A veterans' non-profit has issued a pointed television advertisement urging President Donald Trump to give up his administration's efforts to repeal the Affordable Care Act and to place travel bans on certain Muslim-majority countries. The advertisement's release was timed for a political talk show that the president watches every morning (video below).
On Feb. 6, a television advertisement by VoteVets.org aired during MSNBC's "Morning Joe."
The ad features a veteran performing a series of squats despite missing a limb. The narrator, presumably the exercising veteran himself, speaks directly to the president.
"President Trump, I hear you watch the morning shows," the narrator says. "Here's what I do every morning."
The narrator proceeds to blast Trump for his perceived unpopularity, from his loss in the 2016 popular vote to the size of his inauguration crowd.
"But kicking thousands of my fellow veterans off of their health insurance by killing the ACA and banning Muslims won't help," the narrator continues. "That's not the America I sacrificed for. You want to be a legitimate president, sir? Then act like one."
The advertisement was timed to air during the morning political talk show because Trump reportedly watches it every morning. Several anonymous Trump advisers told Axios that the president spends the early hours of most mornings watching "Morning Joe" and "Fox and Friends."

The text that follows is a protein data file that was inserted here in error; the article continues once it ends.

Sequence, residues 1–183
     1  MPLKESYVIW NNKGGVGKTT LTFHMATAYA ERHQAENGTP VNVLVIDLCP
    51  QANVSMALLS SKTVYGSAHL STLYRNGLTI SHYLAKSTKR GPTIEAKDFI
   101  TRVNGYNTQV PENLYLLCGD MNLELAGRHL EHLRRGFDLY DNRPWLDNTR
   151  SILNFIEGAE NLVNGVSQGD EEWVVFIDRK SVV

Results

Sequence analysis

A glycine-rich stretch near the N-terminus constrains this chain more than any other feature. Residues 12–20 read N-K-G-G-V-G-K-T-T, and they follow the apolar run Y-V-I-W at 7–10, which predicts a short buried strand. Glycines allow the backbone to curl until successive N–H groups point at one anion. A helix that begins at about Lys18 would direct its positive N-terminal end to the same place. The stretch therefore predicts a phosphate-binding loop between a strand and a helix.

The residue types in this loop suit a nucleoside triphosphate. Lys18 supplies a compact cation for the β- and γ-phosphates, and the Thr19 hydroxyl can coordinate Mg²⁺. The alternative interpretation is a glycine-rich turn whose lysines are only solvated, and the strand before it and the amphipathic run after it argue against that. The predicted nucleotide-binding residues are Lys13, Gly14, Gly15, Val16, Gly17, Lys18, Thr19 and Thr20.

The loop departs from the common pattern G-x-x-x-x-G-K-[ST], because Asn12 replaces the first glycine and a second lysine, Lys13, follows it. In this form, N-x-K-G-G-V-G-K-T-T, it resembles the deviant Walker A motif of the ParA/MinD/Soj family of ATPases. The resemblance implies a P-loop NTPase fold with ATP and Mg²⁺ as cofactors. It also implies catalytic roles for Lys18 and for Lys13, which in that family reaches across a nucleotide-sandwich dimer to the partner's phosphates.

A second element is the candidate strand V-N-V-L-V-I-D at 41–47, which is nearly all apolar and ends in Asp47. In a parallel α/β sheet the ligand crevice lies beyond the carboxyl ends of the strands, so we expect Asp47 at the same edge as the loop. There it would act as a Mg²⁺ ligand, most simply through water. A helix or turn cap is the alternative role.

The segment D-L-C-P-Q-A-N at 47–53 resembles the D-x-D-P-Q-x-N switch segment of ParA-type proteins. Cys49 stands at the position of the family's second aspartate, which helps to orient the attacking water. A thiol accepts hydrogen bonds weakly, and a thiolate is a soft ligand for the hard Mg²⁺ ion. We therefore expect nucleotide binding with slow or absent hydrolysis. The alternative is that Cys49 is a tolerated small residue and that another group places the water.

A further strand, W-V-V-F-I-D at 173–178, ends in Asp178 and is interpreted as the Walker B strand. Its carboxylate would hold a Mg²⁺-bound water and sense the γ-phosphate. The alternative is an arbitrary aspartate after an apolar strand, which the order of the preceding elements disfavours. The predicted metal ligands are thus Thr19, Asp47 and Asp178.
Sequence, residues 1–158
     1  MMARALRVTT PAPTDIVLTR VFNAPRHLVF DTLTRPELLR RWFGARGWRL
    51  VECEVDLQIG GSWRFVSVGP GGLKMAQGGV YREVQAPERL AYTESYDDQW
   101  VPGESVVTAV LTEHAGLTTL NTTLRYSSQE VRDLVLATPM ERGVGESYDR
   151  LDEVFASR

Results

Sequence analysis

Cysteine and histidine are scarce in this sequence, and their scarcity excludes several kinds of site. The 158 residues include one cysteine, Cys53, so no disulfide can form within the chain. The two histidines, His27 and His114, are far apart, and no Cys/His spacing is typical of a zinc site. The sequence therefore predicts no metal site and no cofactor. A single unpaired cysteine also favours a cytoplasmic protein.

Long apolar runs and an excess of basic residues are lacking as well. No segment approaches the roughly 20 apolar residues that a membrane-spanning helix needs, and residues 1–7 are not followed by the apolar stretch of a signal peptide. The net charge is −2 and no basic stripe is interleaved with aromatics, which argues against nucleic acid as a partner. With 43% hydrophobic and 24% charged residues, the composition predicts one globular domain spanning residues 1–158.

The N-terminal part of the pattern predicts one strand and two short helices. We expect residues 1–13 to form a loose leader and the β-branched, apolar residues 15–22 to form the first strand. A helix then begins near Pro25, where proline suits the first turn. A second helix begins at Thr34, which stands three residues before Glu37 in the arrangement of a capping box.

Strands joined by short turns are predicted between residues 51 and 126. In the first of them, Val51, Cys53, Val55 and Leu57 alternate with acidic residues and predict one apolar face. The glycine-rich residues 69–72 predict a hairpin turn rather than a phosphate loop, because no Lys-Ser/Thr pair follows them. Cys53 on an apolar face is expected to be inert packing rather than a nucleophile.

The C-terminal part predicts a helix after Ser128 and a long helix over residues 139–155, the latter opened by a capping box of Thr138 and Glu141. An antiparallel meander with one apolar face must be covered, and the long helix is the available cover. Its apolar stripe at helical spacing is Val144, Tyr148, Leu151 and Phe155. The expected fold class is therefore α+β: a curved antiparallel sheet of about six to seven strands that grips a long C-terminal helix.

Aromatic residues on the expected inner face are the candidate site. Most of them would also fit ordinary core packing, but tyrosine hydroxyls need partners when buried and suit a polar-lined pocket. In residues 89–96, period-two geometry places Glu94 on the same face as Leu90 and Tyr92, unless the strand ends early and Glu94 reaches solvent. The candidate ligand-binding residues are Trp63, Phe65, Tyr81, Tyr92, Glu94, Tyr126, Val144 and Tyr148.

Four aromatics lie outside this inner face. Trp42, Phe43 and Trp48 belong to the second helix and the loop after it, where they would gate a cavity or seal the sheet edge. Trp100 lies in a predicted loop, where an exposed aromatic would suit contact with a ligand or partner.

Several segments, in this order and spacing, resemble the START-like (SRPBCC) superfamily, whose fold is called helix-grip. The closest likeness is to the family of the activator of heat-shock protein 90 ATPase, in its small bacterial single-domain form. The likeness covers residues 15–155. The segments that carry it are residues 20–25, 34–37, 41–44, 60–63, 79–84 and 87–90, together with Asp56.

The president reportedly fires off his morning tweets in response to the commentary from these programs, the bulk of his social media output often coinciding with their airtime.
VoteVets.org issued a statement explaining that the group wanted to send a message to the president on a platform where he was most likely to see it.
"Since the White House comment line is down, and Donald Trump hasn't set up that veterans hotline he promised, we're going to go where we know Donald Trump is listening -- 'Morning Joe,' and the other shows that he obsesses over," said VoteVets Vice Chair Peter Kauffmann "He's going to hear the message of this ad again and again. We're officially putting Mr. Trump on notice."
On Feb. 6, Trump took to social media to accuse poll data of not reflecting his true popularity.
"Any negative polls are fake news, just like the CNN, ABC, NBC polls in the election," Trump tweeted out. "Sorry, people want border security and extreme vetting."
Chris Ruddy, the chief executive of Newsmax Media, believes that the president actually takes polling more seriously than he lets on and that negative polling could influence the future of his executive order placing a travel ban on citizens from several Muslim-majority countries.
"I think, in his mind, the success of this is going to be the poll numbers," Ruddy told The New York Times. "If they continue to be weak or lower, then somebody's going to have to bear some responsibility for that."